When it comes to attracting contracts, especially in the West, the professor believes excellent communication is vital.
“Things that are written, absolutely, meticulously in Western style, written at the highest level, will absolutely be well received,” he enumerates.
Belarus can absolutely fill many niches but it needs to have people to communicate, and raise awareness about the projects in a highly professional way.
“Among business people and entrepreneurs, it’s quite common to speak English. Some of them have such excellent English, you’d almost think they are American – unless they went to school in England, and then they have the British English,” John jokes.
The problem is, once you go down that organizational chart a couple of levels, the English fluency tapers – and I think that would have to change
“Eventually, if you are brand manager, or product manager, or marketing manager, someone in a senior position, that phone is going to ring and the person calling is going to speak English – and you would have to be able to make a good impression by being fluent,” John concludes.
Pepperoni (?) pizza and other wonders of shopping in Belarus
I can’t let John go without recapping his time in Belarus and telling me some funny stories from his stay – which travellers always have in stock.
“I am smitten,” he smiles. “I think Belarus is a great place.”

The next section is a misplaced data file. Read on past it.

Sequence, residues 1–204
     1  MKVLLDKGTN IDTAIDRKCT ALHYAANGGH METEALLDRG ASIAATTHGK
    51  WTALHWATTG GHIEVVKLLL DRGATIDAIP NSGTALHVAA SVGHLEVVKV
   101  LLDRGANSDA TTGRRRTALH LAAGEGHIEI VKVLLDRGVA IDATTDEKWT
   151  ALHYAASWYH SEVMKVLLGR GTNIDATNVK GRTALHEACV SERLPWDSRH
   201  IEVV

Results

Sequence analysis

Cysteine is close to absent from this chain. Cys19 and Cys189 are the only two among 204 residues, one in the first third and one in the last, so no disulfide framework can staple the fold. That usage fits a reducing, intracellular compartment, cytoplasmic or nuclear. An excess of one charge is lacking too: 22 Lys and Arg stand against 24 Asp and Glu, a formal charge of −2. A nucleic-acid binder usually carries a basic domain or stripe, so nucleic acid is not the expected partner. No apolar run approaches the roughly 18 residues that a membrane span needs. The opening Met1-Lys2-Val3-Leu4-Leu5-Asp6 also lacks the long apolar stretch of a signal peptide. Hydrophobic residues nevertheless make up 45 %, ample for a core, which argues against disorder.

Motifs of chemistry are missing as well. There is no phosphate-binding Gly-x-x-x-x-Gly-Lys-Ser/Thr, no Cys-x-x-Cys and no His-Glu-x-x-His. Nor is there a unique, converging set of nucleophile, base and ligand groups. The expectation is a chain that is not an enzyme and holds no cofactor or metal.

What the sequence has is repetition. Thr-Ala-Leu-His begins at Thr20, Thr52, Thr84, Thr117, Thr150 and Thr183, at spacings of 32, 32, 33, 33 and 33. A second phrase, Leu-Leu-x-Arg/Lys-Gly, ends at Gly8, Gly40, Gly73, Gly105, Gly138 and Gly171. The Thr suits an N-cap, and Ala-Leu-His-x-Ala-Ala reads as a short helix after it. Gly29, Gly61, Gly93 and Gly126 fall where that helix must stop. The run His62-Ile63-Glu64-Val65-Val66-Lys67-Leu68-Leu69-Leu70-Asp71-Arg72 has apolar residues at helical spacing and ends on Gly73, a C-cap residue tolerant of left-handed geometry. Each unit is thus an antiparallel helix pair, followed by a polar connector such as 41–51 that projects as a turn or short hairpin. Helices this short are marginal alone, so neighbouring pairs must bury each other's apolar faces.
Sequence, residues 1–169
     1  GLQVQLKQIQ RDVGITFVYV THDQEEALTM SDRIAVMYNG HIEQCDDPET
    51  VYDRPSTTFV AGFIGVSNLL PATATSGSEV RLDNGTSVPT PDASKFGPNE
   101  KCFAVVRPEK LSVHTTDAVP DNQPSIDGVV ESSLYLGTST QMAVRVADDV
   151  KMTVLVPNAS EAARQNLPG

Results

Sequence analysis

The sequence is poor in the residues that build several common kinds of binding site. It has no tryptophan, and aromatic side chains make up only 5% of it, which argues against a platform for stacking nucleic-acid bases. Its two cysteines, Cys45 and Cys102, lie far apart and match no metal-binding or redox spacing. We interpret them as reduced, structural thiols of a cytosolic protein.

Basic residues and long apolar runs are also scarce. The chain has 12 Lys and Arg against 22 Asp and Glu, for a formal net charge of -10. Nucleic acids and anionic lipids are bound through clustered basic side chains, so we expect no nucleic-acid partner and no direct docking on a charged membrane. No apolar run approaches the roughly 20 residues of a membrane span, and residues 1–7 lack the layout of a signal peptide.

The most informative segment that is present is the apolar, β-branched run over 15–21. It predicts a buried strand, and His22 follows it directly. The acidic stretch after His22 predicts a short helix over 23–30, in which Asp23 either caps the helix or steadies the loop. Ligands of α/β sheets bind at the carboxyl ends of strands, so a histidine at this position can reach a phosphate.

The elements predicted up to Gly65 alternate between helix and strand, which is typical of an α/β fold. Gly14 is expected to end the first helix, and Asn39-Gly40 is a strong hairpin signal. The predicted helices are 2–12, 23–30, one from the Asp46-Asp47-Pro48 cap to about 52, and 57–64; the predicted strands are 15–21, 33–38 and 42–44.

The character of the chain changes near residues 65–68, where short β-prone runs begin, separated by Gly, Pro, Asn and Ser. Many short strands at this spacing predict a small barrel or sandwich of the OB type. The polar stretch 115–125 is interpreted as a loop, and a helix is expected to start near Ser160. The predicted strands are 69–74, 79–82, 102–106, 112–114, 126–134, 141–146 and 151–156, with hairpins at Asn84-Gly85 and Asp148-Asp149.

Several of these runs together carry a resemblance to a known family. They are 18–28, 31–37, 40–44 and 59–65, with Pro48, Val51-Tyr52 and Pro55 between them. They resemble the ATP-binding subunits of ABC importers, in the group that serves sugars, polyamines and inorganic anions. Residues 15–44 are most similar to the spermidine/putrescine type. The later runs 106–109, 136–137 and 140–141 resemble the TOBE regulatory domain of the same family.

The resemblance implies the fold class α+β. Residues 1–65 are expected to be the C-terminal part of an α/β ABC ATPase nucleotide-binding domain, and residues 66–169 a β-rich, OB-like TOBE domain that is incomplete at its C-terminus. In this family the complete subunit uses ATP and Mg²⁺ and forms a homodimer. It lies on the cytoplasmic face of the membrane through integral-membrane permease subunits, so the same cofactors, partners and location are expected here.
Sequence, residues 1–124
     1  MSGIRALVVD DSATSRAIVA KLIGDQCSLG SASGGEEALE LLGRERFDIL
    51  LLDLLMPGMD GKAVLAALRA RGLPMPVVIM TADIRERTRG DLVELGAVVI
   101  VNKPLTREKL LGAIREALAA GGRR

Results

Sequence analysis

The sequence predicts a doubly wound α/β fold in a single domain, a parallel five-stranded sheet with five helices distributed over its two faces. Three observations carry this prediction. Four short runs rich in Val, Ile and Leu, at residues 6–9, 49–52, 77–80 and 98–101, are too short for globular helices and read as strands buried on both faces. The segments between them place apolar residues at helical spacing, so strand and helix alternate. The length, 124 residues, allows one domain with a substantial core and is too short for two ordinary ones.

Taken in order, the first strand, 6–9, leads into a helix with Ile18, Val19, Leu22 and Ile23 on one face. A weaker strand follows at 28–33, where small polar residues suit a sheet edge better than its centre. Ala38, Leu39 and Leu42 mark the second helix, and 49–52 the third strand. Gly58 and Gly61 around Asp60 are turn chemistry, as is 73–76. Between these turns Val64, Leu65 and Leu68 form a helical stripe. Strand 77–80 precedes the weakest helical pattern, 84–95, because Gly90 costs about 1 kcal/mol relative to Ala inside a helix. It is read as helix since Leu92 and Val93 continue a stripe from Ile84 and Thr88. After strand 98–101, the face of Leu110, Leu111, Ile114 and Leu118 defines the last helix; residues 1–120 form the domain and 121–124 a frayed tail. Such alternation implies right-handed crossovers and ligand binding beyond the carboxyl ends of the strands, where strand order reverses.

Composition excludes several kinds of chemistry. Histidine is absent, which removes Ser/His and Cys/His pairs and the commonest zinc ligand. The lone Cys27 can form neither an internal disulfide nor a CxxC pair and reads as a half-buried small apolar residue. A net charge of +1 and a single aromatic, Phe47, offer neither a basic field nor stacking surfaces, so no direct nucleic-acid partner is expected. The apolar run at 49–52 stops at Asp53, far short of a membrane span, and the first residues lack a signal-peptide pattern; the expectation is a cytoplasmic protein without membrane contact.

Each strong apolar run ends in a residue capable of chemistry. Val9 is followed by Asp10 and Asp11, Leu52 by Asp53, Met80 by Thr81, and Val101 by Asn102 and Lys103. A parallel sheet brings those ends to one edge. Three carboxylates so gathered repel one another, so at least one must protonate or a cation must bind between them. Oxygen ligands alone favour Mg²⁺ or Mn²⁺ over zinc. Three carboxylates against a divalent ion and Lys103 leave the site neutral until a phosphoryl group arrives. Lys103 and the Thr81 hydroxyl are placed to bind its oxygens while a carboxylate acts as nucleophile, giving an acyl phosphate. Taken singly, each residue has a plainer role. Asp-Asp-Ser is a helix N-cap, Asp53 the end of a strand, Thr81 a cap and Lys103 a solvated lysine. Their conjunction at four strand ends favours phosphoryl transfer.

The impressions of the city and how it would sail in a business context – absolutely marketable. It would be a great place to have as a hub, as a point of commerce.
Then we pass on to the daily life in Belarus and things that an American may be missing.
“Well, a funny one. I went to a pizza place and ordered a pepperoni pizza, and they brought me a giant cheese pizza with actual peppers on the pizza.”
“In the US, pepperoni is a small meat product, cut thinly, and placed on a pizza. Not so here. They actually put an entire pepper, with stem and everything.”
Other curious observations come from shopping in a supermarket.
“There were ping pong paddles and ping pong balls next to the bakery stand in the grocery store. That was a first. Next to the ping pong gear, there was automobile motor oil.”
John says he didn’t feel uncomfortable because some typically American things are missing in Belarus. Apart, perhaps, was his missing his JIF peanut butter:
“I went without the peanut butter, which is probably a good thing, because I received so many CAKES AND COOKIES.”
I thank Dr. Bedker, wish him a safe flight back, and offer one last try:
– Would you visit again?
Photo: Volha Shukaila/TUT.BY